More great music, a propos of nothing in particular:
(YouTube version here.)
When I screw up, I try to confess and atone for my errors.
Just about exactly a year ago, I posted a list of the 25 most beautiful folk songs ever recorded. How on earth did I manage to overlook Judy Collins’s stunning cover of Leonard Cohen/Jennifer Warnes’s heart-wrenching “Song of Bernadette”?
I’m afraid this egregious oversight has deprived you all of a year of sublime listening pleasure. My apologies to Miss Collins and to all of my readers.
Though YouTube says this is from a 1991 Collins concert in California, she performed a nearly identical rendition at Wolf Trap in 2000. The Live at Wolf Trap CD is well worth its exorbitant price; every track is stunning.
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(Click here to watch on YouTube.)
Sixteen years ago, Slate Magazine was launched, with Paul Krugman and me as the alternating economics columnists. At the time, Paul was fond of observing (with considerable dismay) that most of the time, highly educated and intelligent non-economists appear to be completely incapable of distinguishing between compelling arguments and utter nonsense in the field of economics. His essay on “Pop Internationalism” is a brilliant series of riffs on this theme — a guided tour of sheer balderdash that gets a respectable hearing even though no economist could possibly take it seriously. “Pop Internationalism” (the lead essay in the book of the same name) is high on my recommended reading list.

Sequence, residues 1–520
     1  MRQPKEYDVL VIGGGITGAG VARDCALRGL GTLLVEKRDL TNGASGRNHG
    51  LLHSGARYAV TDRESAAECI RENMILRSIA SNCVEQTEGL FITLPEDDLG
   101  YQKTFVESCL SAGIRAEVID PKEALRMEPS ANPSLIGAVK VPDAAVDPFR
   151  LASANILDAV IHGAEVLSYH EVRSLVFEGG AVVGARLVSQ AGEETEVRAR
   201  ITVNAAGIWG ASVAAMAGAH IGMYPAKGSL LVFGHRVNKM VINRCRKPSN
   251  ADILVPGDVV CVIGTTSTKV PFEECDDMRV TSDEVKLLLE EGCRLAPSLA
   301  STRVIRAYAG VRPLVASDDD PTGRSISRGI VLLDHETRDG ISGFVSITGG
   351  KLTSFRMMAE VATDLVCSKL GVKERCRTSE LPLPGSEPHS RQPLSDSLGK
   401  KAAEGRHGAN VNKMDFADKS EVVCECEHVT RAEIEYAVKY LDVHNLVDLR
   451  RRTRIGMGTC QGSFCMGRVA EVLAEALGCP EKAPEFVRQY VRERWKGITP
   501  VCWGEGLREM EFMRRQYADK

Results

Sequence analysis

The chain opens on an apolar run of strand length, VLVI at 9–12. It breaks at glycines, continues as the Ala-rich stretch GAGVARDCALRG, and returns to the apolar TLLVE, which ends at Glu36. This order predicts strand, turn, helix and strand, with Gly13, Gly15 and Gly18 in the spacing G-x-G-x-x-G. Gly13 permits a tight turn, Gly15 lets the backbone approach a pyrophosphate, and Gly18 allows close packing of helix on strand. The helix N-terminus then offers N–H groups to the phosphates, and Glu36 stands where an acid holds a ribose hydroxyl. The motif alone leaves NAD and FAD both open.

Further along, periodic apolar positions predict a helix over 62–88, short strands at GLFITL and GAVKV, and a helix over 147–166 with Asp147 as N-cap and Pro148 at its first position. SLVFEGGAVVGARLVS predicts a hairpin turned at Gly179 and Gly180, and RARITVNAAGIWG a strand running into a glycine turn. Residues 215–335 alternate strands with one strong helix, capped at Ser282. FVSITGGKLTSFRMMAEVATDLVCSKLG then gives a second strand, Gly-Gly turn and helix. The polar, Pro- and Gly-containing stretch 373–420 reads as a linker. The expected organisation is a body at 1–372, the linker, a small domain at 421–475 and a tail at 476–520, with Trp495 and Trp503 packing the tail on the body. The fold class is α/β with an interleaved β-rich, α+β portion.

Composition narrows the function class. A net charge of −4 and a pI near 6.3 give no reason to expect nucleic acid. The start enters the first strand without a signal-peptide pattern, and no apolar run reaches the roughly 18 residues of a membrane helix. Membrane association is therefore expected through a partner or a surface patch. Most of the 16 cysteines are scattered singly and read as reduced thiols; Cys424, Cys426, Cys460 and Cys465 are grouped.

The lesson I took from this observation was that we (Krugman, I, and economic commentators in general) had a responsibility to explain not just what economists believe, but why we believe it — to help readers understand that there’s a rigorous underlying logic to the discipline, and that there are good reasons for insisting that people adhere to that logic. Nowadays, when he’s at his most obstreperous, I sometimes suspect Krugman of having drawn a very different lesson — that because nobody understands the real logic of economics, we can get away with saying any damned thing we want to. It’s a frustrating thing to watch, because when he’s good, he’s very very good. But when he is bad he is horrid. I won’t list examples here, but you can find quite a few by browsing my Paul Krugman archive.